Circumnavigation "First" For Australian Aviation
Thursday, Ken Evers and Tim Pryse returned to Australia, becoming the first Australians to circumnavigate the earth in an Australian-designed and built airplane, the Airvan GA8-TC, but they also had a greater cause. The trip was intended to raise awareness of malaria and raise money for malaria prevention programs while also marking the centenary of Australian aviation. John Duigan is credited with taking the first Australian-made powered airplane aloft on July 16, 1910. That trip was about seven meters long. Evers and Pryse flew their Australian-made plane for 55 days, including 234 flight hours. They covered 52,000 km and touched down in 16 countries. The trip's timing meant the men saw, first-hand, the oil spill in the Gulf of Mexico and violent uprisings in Jamaica. The two men say the trip has served to invigorate their campaign against malaria and the men now have plans to produce both a book and documentary about their flight.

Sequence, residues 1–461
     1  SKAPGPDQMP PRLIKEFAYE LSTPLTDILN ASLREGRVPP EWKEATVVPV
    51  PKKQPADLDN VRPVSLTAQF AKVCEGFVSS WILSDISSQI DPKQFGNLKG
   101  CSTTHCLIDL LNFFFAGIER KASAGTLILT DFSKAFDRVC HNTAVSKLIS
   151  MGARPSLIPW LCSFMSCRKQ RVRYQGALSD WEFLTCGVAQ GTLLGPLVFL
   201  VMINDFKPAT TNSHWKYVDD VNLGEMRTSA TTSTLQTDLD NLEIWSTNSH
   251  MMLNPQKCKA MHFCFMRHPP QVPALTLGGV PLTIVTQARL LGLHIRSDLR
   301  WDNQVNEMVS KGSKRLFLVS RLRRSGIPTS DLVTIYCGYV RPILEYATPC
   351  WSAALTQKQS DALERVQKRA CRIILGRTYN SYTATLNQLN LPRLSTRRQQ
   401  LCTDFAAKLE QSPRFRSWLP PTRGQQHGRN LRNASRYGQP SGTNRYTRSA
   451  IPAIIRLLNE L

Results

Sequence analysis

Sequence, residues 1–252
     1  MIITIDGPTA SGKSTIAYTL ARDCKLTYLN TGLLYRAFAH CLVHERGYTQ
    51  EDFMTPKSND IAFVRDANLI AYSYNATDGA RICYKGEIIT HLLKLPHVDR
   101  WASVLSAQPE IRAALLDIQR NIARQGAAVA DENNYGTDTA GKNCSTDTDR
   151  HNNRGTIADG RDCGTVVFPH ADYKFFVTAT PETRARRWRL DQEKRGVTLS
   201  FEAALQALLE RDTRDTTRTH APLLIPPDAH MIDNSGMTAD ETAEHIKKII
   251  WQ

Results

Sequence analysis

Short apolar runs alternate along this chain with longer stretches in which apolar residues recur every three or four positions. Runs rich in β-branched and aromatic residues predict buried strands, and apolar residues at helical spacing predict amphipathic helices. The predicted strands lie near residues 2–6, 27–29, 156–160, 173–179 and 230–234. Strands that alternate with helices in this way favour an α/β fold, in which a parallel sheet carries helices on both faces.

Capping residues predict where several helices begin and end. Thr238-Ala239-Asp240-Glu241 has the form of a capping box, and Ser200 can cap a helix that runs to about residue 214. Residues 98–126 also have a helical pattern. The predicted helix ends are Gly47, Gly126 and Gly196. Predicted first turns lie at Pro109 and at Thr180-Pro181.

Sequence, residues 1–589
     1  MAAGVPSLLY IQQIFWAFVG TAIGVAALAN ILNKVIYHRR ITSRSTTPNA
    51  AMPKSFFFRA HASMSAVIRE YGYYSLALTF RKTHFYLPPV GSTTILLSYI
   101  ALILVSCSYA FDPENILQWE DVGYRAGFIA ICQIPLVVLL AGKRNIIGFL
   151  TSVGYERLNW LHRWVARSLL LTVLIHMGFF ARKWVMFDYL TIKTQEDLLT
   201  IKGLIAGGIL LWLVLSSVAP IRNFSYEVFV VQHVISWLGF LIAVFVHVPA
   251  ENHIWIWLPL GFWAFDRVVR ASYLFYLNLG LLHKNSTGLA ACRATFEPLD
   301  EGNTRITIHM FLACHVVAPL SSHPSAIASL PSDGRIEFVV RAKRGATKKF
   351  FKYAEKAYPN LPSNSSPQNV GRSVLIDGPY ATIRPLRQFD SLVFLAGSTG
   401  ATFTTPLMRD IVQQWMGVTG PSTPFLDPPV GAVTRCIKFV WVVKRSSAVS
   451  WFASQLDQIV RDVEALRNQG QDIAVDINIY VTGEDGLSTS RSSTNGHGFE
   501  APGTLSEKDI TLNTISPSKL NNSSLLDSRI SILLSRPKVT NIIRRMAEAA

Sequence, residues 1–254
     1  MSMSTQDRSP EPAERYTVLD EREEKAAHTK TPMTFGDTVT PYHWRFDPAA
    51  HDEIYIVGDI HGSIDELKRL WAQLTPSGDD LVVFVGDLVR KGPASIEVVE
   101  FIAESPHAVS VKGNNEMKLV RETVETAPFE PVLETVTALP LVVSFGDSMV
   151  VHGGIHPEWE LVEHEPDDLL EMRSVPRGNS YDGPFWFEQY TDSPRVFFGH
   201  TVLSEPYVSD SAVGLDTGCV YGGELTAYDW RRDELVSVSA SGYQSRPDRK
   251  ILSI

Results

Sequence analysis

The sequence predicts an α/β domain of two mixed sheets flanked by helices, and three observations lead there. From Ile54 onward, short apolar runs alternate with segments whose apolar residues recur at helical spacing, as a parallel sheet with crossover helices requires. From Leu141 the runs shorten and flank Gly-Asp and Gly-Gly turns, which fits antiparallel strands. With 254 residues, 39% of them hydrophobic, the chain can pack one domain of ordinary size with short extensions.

Pryse, a pilot of 35 years, has served as a missionary pilot in Papua New Guinea. Evers had grown up there and flew in memory of friends lost to malaria. To learn more about the flight, or to donate to its cause, click through here. The Gippsland Aeronautics GA8-TC is an eight-seat high-wing designed for rugged short field use and powered by a turbocharged version of the Lycoming IO-540. To learn more, visit Gippsland Aeronautic's website.